These Blooms May Look Beautiful, but They Are Deadly for Your Dog
Many people use brightly colored flowers to fill out their gardens and decorate their homes. Unfortunately, many pet parents don’t know that a fair number of these brilliant blooms can cause serious symptoms — and even death — if ingested by our pets. But how does one tell the difference? How can you find out which flowers are poisonous to dogs? Read on to find out more.
What flowers are poisonous to dogs?
Dogs may be relatively clever creatures, but even the brightest of the bunch could wind up in trouble if they eat one of the following poisonous flowers:
According to the ASPCA, accidentally eaten azaleas can cause vomiting, diarrhea, weakness, coma, hypotension, or cardiovascular collapse. In some cases, it can even cause death.
Eating clematis has been known to cause vomiting, diarrhea, oral ulcers, or loss of balance in some breeds.
According to Caeser’s Way, lilies are among the most poisonous flowers to both cats and dogs. The Peace lily, Peruvian lily, Calla lily, Asiatic lily, Day lily, Easter lily, Tiger lily, and Japanese Show lily are all highly toxic. Ingesting only a few petals can result in drooling, stomach problems, kidney failure, and eventual death in some pets.
Like so many other spring bulb flowers, ingested daffodils will cause hypersalivation and gastrointestinal distress resulting in vomiting or diarrhea. According to the ASPCA, they could even lead to depression, low blood pressure, cardiac damage, and seizures if ingested in large enough amounts.
According to Rover, the beautiful pink desert rose contains a toxin known as cardiac glycoside. This poison has been known to cause gastrointestinal symptoms such as vomiting, diarrhea, depression, irregular heart rhythm, and even death in some dog breeds.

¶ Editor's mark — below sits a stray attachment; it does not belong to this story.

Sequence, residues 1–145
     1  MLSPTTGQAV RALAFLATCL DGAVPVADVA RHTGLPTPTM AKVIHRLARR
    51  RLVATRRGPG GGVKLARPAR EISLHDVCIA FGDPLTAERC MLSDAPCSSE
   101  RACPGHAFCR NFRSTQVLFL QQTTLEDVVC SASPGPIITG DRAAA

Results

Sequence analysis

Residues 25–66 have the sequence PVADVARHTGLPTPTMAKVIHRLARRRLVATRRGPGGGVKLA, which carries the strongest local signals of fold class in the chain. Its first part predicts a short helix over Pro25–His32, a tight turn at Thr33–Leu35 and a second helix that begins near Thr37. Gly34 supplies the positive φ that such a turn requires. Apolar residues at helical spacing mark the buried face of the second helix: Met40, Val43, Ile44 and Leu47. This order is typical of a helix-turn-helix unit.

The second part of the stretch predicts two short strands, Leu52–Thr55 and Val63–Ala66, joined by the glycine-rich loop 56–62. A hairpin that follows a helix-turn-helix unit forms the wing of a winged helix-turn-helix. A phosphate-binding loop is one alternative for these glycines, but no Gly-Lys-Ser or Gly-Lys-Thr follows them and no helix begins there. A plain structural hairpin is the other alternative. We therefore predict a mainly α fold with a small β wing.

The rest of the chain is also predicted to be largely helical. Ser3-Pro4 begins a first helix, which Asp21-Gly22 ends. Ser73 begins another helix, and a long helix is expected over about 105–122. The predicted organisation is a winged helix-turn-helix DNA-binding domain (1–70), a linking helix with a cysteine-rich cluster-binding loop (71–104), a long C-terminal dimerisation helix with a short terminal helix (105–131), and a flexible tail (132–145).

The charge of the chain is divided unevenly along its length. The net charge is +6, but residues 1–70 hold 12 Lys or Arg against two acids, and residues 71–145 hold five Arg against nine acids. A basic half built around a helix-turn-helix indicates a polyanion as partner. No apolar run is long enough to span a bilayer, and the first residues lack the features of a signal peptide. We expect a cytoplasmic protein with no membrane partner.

Crocus plants come in two varieties: one that blooms in spring and one that blooms in autumn. Both are toxic to dogs, but ingestion of the latter could prove deadly. While the spring crocus may cause vomiting, drooling, and diarrhea, the autumnal one has been known to cause liver or kidney damage. It’s also been known to cause bone marrow damage.
Dogs often go after tulip bulbs — not the flowers. Eating the bulbs can result in intense vomiting, depression, diarrhea, excessive drooling, and lack of appetite.
Hyacinths are poisonous in the same way that tulips are. According to Medivet UK, these bulbs contain a toxin which can irritate dogs’ mouths. If ingested, they can also cause gastrointestinal issues, as well as heart and breathing problems.
Many already seem to know that poinsettias are dangerous to dogs, but according to the American Kennel Club, the amount of toxin in your average poinsettia blooms isn’t really enough to prove fatal. These plants should be used and displayed with caution, nevertheless, but ingestion hardly ever comes with serious or fatal consequences for your curious canine.
If you believe that your dog has ingested any of these flowers, or if they are showing any worrying symptoms, please contact your vet immediately. Many toxins work quickly in canine bodies, and getting them to the doctor in a timely manner could mean the difference between life and death.